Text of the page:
20 Things Every Event Planner Should Include On Their Website

Last Updated on October 7, 2021

Today, we’re going to try something a little different. See, I’d like to think we’ve already driven home the importance of having a website – or at least some sort of online presence – as an event management professional.  While it’s certainly possible to get by without a website, I wouldn’t advise it.

After all, why miss out on an entire market of potential clients?

Now, not all websites are created equal. There are certain elements which make one website more successful than another. If you really want to see a return on the effort you put into your site, you’re going to want to make sure it’s got as many of those components as possible. Here are just a few of the things every event management website should include:

  1. A strong main landing page.  This needs to be both simple and eye catching. More importantly, however, it needs to provide enough information about your firm that prospective clients know whether or not they want to work with you right away.
  2. A simple, easy-to-remember domain. There’s no need to complicate things
  3. Contact information – make sure it’s easy to find.
  4. Navigability. Make sure your site is laid out in an intuitive fashion, so that people can find exactly what they’re looking for with relative ease. Not sure if your site is navigable? Show it to a friend or relative, and ask them to look around.
  5. A unique sense of style. Your website cannot look boring, nor can it look identical to all the other event planning sites out there.
  6. A clear description of your firm, and what it does. Where is it located? What sort of events does it generally manage? What clients does it typically work with? Are there any additional services it provides?  What’s its history?
  7. Details on you. Do you have any history that’s worth mentioning? What makes you so qualified to run events for prospective clients?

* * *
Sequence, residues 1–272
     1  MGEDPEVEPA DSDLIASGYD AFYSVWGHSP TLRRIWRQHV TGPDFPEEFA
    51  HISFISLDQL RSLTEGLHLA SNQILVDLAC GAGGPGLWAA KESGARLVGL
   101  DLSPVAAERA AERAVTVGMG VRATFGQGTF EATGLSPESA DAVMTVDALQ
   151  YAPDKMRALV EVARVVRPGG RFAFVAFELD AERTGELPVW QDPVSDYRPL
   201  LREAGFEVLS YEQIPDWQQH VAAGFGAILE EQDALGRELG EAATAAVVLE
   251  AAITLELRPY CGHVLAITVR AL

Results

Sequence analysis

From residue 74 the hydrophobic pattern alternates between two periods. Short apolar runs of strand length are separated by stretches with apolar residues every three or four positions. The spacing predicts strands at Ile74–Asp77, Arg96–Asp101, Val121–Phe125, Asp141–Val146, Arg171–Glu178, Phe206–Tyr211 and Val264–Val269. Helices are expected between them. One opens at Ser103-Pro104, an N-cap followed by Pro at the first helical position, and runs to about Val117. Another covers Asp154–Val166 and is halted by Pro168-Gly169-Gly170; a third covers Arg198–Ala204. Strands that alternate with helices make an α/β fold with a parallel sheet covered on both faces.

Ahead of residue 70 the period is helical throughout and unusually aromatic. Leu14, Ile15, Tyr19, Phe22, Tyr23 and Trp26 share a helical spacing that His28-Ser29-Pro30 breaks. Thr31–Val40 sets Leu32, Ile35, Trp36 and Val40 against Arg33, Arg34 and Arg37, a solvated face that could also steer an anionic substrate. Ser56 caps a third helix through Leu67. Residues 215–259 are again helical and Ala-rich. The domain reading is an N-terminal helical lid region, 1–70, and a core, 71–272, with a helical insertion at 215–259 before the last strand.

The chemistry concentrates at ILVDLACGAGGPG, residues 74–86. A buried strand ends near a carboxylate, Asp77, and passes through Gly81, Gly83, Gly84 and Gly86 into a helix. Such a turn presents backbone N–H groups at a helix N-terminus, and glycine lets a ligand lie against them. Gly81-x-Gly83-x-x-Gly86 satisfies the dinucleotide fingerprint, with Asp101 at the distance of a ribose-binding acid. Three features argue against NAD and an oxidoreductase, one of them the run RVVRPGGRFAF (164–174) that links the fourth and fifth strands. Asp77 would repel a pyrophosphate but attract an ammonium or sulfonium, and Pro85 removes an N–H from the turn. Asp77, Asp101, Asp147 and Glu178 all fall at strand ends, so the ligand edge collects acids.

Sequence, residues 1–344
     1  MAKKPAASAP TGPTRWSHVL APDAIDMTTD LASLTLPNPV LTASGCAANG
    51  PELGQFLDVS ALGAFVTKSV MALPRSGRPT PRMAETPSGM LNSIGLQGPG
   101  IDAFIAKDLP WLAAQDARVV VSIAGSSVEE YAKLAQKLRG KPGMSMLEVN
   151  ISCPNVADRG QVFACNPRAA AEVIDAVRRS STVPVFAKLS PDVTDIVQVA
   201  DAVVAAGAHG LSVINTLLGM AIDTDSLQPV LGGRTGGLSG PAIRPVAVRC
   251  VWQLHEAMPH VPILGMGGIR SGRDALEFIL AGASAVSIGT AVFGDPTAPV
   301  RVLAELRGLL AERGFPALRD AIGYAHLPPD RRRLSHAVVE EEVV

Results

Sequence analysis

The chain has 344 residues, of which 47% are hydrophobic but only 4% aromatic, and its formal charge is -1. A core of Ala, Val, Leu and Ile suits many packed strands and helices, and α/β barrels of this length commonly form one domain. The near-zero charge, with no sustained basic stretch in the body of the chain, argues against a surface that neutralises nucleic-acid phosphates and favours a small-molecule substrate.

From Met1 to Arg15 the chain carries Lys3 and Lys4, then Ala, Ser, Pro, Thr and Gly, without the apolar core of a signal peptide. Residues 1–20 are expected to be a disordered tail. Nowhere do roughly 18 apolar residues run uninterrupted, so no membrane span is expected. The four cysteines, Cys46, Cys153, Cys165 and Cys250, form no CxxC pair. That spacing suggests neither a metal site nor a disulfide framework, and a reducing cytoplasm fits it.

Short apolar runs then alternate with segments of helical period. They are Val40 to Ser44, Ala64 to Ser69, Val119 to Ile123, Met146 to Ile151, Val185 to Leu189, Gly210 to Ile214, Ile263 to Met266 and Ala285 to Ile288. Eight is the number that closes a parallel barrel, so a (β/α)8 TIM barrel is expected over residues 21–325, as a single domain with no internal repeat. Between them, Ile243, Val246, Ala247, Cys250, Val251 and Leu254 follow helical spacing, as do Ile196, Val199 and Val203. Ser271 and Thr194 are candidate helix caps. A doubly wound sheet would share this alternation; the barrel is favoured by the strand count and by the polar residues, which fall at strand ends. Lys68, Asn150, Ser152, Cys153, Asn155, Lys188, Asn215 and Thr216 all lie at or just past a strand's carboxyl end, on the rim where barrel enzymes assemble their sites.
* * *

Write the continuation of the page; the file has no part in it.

8. Details on your event management team. Look here for a good example. Well…except for the typo at the end of the page. That’s bad.
  9. Your rates – how much would it cost to hire your firm to manage an event?
  10. Testimonials – if you don’t have any clients that are willing to talk about what a good job you did running their events, how will anyone know you’re worth hiring?
  11. Proper search engine optimization. If you don’t know what I mean by that, SEO Moz is a fantastic place to start looking.
  12. A weblog (optional). Share your expertise on event management, or invite guest speakers and sponsors to write posts for you on their industry.
  13. Mobile optimization. More people are surfing the web on their phones than ever before – don’t alienate those users.
  14. Social media integration. Again, this is optional, but if you’ve any social networking accounts (or a Facebook page), make sure there’s a link to it on your site. While you’re at it, you might as well include sharing functionality, as well.
  15. A calendar of your upcoming events (and a catalogue of your past events).
  16. A “News” page detailing any positive press directed your way. This could include awards you’ve received, important events you’ve hosted, or new staff you’ve hired.
  17. Security. If your web host isn’t 100% secure, find one that is – you don’t want your information falling into the wrong hands, especially if you’re running registration through your site.
  18. A page for prospective employees. Make sure it’s always kept up to date.
  19. Photos and videos of your team, your events, and your venue(s).
  20. Coherent, compelling, well-written copy. Nothing’s more jarring than seeing a huge typo on the main page of a firm you’re thinking of hiring.

Not every event planner needs an online presence (though most could greatly benefit from one).  For those of you that choose to maintain a website, there are certain components you need to include – certain details you need to take stock of. If your site doesn’t include every item on this list (or at least the majority of them), then you might as well not bother going online at all.